I love a slouchy sweater, for any season. I love a slouchy hat, with its pliable brim or soft fabric. But a slouchy stance? Posture imperiled?
Don’t we perceive those who stand up straight as more confident, and those who slouch as indifferent, insecure, or at the very least – tired?
We all know that body language is important in projecting who we are. But what if our unconscious slouching carries more impact than we realize – on health, well-being, not to mention – professional performance? What if we could seem bigger, “be” bigger, merely by adopting a different stance?
In an article running in the June issue of Elle, “Supersize Me,” writer Coco Meyers addresses the ways in which we stand – or slouch – often to our detriment.
At 5’2″ tall, Ms. Meyers expresses her conviction that she can’t afford to sacrifice so much as a millimeter – and simply because she has poor posture.
According to experts she consulted, including psychologist Dr. Dana Carney at U. C. Berkeley:
… when people “expand to take up more space,” such as when they stand up straight, they were perceived as being more powerful and secure compared with when they were slouching.
If we feel more powerful and secure, aren’t we delivering improved performance?
Good Posture Benefits
Beyond the perceptions of others, it seems the research subjects actually felt better. In fact, saliva samples showed an increase in testosterone levels after the participants explicitly straightened up.
The article goes on to explain that we are at our tallest when we wake in the morning, and at our shortest at night – no doubt the effects of gravity, along with hours hunched over our computers, our desks, our sinks, our – well, almost everything.
Think about it. Now. Right this second.
Are you filling your lungs with air and standing straight? Or are you reading on a smartphone slumped in a chair, or draped over your desktop? What if you consciously straightened up and noted the difference in how you feel?
Stand Up When Speaking Up
When I was a kid and we were called on in class, occasionally we were required to stand and speak. The act of rising may make us feel conspicuous (dreadful, as a teenager), but it also encourages physical changes that facilitate greater self-assurance. We fill our lungs, we stretch our vertebrae – and apparently, we’re upping our testosterone.
Once, it was routine to hear parents chide their children over pitiful posture. And maybe we shouldn’t have stopped.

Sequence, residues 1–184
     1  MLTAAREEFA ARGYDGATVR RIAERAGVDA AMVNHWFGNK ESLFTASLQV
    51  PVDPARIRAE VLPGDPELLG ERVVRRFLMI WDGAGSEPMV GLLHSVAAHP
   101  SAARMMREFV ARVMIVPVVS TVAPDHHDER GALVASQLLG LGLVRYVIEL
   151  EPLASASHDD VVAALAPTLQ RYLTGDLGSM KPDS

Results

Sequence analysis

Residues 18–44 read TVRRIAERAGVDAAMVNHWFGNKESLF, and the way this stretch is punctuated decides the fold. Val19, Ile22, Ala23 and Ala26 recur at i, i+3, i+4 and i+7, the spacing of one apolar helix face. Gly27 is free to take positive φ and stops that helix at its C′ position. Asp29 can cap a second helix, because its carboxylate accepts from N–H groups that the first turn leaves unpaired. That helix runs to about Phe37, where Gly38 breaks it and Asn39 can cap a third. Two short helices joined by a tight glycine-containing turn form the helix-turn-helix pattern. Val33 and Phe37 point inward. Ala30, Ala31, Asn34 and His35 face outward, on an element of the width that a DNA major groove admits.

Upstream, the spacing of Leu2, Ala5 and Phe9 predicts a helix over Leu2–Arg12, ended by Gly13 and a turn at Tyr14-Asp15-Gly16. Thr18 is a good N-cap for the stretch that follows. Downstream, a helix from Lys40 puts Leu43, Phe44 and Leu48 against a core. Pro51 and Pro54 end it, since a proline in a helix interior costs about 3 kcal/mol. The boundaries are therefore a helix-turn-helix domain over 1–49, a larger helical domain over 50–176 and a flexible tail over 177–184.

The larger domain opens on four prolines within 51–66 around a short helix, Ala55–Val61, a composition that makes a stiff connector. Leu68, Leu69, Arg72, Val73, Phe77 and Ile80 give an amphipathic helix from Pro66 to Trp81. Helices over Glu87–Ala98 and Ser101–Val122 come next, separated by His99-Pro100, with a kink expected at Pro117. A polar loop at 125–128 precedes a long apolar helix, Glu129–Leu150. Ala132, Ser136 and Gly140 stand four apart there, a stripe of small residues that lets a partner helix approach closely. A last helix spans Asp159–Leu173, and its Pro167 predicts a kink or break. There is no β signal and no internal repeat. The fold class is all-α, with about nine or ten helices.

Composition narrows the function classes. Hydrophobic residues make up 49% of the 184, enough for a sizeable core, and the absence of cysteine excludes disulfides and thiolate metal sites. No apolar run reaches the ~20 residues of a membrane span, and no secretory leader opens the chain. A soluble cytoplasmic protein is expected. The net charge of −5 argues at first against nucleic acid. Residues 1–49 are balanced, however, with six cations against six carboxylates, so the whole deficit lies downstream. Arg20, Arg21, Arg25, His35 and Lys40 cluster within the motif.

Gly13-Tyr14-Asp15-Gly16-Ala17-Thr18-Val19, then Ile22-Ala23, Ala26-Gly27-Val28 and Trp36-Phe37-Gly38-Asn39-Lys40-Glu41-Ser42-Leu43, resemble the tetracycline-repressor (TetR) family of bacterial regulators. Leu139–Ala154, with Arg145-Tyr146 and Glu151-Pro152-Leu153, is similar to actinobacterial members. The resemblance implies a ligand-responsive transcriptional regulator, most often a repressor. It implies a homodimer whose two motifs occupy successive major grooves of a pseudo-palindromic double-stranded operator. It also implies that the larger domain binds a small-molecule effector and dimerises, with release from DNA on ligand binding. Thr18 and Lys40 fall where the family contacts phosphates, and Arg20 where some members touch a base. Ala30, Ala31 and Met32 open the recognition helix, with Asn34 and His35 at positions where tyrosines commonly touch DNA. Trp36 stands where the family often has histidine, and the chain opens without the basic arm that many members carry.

My personal preference in professional settings? It’s always been to stand and speak – and to exploit the surprise of projecting confidence, especially important when you’re small in stature.
Who among us doesn’t recognize that we equate taller with more powerful?
If that were true without exception, even in heels, this little woman would be sunk. And yet, preposterous as it may sound, in my more public days (of corporate speaking), no one realized I was tiny in stature.
I stand when I speak and unconsciously – I empower my posture and likewise, it empowers me: shoulders back, deep breath, voice aligned with spine (or so it seems), and my words are filled with conviction.
And speaking of words, should we contemplate the expressions “stand up for what you believe” and “rise to the occasion?” And what about describing someone as “spineless?”
This isn’t empty posturing; standing straight is clearly helpful, and language reflects our observations and experience.
She points out that research reveals that “chronic postural imbalance stresses muscle tissue,” and can eventually lead to bone and joint trauma. She goes on to explore a variety of methods to “reboot” our neuro-muscular systems, and the necessity of keeping our minds in the game.
It’s an informative article, and I realize that an exercise routine of situps or swimming or anything else doesn’t automatically mean I’m paying attention to posture – and clearly, it matters. I plan on giving a few of the article’s suggestions a shot – especially as I spend hours bent over a laptop.
I’m not expressly aiming for “perfect posture,” but incremental improvements? At a hair under five feet tall myself – I wouldn’t mind inching my way in the right direction.
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